Forty-four years ago, Neil Armstrong took one small step for man. How appropriate Australia should commemorate that anniversary at Lord's with a giant leap for English cricket, as their hosts edge closer to retaining the Ashes urn.
After skittish Sunday last week came surrender Sunday. Australia, ground into the gristle by England on Saturday, might be worse than many thought they were. Victors by 347 runs, this was England's biggest margin win since 1928 and their second largest overall.
Cricket Australia's official hashtag for the series is "Return the Urn". Not only is it memorable, it could also be ageless. The social media slogan could be reused for the next decade if this is a peek into Australia's future. Their second Test defeat this summer was so brutal an exercise in humiliation, one might suggest England registered so insurmountable a lead in order to prolong the embarrassment.
The godfathers of Australian cricket have been littered around Lord's this week, but rather than inspire their successors they have galvanised their opponents. Allan Border snarling, Steve Waugh Sledging and Ricky Ponting scoring have contributed to England's resurrection and dominance versus their nemesis, and now they are meting out some payback.
Having suffered a mental disintegration with the ball for eight hours yesterday, it was tragicomic Australia should dismiss two batsmen in less than five overs this morning. Ryan Harris removed the unconvincing Jonathan Bairstow in the third over of the day before Joe Root, on 180, mistimed his lob over third man and was caught by Steven Smith.
Alastair Cook immediately declared to set Australia 583 to win and the comedic showing continued courtesy of Shane Watson.
With the all-rounder's risible decision to review his plumb lbw dismissal still fresh in the memory, it was appropriate he should return to the tourists' balcony the same way after James Anderson hit his pad. In total, it was the tenth time in 18 innings against England Watson had been given out lbw - and the first time since August 2009 he's not referred it.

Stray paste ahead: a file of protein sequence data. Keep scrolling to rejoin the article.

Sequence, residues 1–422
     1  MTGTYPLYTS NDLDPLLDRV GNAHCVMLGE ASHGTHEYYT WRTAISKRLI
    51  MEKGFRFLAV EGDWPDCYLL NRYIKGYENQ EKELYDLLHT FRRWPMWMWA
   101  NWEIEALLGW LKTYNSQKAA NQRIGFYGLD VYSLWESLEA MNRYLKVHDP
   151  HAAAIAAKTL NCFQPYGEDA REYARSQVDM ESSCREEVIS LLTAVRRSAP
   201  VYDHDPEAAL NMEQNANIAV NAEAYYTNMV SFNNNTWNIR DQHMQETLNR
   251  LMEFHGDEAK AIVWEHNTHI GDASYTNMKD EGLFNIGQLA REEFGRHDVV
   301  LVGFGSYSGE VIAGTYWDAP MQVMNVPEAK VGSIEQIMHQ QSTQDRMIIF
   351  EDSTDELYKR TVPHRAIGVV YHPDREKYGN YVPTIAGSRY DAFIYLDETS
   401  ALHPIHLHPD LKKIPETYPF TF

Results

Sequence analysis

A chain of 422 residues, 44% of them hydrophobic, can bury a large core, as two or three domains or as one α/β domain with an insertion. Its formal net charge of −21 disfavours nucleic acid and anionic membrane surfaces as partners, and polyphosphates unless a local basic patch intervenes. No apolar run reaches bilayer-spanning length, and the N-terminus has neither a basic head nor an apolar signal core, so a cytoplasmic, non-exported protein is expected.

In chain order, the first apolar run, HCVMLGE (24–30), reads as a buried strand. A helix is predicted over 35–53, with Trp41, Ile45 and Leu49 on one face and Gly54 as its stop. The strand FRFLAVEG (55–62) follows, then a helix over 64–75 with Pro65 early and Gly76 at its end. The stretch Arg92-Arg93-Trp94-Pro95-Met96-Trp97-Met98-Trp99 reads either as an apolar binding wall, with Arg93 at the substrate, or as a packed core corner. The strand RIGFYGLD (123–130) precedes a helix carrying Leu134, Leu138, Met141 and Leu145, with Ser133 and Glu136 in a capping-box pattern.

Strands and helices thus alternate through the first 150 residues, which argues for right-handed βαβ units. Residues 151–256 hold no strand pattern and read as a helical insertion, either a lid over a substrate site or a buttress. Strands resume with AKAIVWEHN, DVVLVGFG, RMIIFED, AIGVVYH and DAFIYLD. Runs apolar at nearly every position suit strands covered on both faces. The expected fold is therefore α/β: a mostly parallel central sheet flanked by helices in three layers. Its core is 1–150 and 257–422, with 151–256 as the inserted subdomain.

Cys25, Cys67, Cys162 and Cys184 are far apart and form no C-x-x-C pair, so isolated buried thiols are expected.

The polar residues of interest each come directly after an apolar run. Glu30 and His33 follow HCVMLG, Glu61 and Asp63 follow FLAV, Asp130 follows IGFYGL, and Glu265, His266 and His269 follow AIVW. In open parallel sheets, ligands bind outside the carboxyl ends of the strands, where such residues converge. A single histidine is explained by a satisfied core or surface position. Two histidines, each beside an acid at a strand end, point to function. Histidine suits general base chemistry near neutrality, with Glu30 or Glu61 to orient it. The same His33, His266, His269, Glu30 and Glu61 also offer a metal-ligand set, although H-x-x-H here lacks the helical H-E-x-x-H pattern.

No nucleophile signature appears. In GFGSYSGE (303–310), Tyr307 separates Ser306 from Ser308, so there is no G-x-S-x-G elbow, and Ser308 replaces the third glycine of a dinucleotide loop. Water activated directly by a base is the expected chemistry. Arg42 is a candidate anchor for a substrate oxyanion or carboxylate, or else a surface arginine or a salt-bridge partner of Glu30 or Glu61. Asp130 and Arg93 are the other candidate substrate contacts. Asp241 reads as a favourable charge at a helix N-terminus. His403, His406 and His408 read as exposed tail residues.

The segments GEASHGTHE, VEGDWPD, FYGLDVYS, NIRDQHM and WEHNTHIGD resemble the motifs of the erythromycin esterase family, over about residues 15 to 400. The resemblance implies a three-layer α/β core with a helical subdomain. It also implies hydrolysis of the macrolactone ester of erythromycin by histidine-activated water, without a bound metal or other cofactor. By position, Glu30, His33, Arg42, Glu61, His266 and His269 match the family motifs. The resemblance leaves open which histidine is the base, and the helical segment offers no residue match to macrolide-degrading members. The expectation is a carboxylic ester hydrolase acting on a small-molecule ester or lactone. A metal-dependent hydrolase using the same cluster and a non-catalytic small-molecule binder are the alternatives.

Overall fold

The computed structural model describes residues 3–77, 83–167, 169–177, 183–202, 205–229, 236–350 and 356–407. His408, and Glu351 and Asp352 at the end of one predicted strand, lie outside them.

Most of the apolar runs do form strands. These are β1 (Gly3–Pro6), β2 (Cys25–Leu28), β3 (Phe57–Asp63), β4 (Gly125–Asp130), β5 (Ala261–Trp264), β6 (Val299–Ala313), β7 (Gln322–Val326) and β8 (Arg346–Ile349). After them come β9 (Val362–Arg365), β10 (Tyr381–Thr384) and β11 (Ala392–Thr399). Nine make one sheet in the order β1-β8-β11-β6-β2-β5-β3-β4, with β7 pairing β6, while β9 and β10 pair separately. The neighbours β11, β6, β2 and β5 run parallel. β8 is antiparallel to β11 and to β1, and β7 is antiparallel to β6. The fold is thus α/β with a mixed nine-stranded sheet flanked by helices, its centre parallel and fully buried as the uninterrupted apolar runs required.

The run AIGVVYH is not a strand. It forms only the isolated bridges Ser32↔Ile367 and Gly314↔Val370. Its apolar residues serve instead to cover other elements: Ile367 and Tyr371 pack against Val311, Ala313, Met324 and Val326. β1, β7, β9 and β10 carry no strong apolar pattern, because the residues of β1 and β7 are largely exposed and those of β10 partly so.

Amusingly, hot spot showed a mark on his bat, which prompted much guffawing in the media centre, led by an ex-England spinner, alas it was the contact Watson made with his pad, rather than the ball.
Chris Rogers, who looked as bamboozled as the modern day Australian batsman is, was dismissed with ease shortly after Graeme Swann was brought into the attack. Phil Hughes lasted just one run as he opted for DRS, which showed he had been trapped leg before by Swann. Australia were 36 for three and it was feasible we might not enjoy a Lord's lunch.
However Usman Khawaja and Michael Clarke batted pugnaciously and frustrated England beyond the first interval at Lord's. The seamers struggled to illicit any life out of the pitch, unlike Swann.
After Swann had bowled 17 overs, Cook turned to Joe Root as Khawaja and Clarke hit their fifties. Inevitably, the youngster claimed the breakthrough.
Clarke, in particular, will be furious with his dismissal. Root, bowling round the wicket, altered the angle, and the Australian skipper edged to leg slip as England's plan paid off handsomely to end the partnership on 98. Khawaja, who had flirted with the outside edge during his innings, kissed one to James Anderson during Root's next over.
The Australian avalanche continued, as Steven Smith lasted a solitary run when DRS defeated him thanks to hot spot confirming he had feathered an inside edge through to Prior off the economical Tim Bresnan. It was tea time, and of the rosy variety for England.
Ashton Agar, ebullient and fearless, partnered Brad Haddin at the crease and smacked Bresnan for four fours in a row to raise his dejected countrymen but was another victim to DRS. Given not out by umpire Marais Erasmus, England reviewed and the third umpire cited a "deflection" and "clear noise". Agar, bemused, sought clarification, like a death row inmate, before trudging off.
His wicket was not as bad as Haddin's, though. The wicket keeper, perhaps becoming impatient with the time it took for the executioner to arrive, did not offer a shot to Swann's off-spinner, which he allowed to bounce off his pad. Ironically, hawk-eye said it was missing his leg stump.
Root attempted to match the Australians for sheer hilarity when he dropped a dolly off Peter Siddle's, which agitated Broad. Cook also failed to gather when James Pattinson did likewise from Swann, as the day dragged into the final hour.
Fifty-eight minutes after Haddin perished, Anderson tore in and left Siddle's off stump lying prostrate for his second scalp of the day.
It took an additional hour and the final over of the day for the 10th wicket to fall. Australia, blocking stoutly, had a sense of humour, but Swann had the last laugh when he ended Pattinson's resistance on 35. The press box - including Aussie journalists - erupted. They would be spared a final day of pain.
But it will likely continue at Old Trafford, Chester-le-Street and the Oval, for these Aussies have about as much chance of regaining the urn as putting a man on the moon.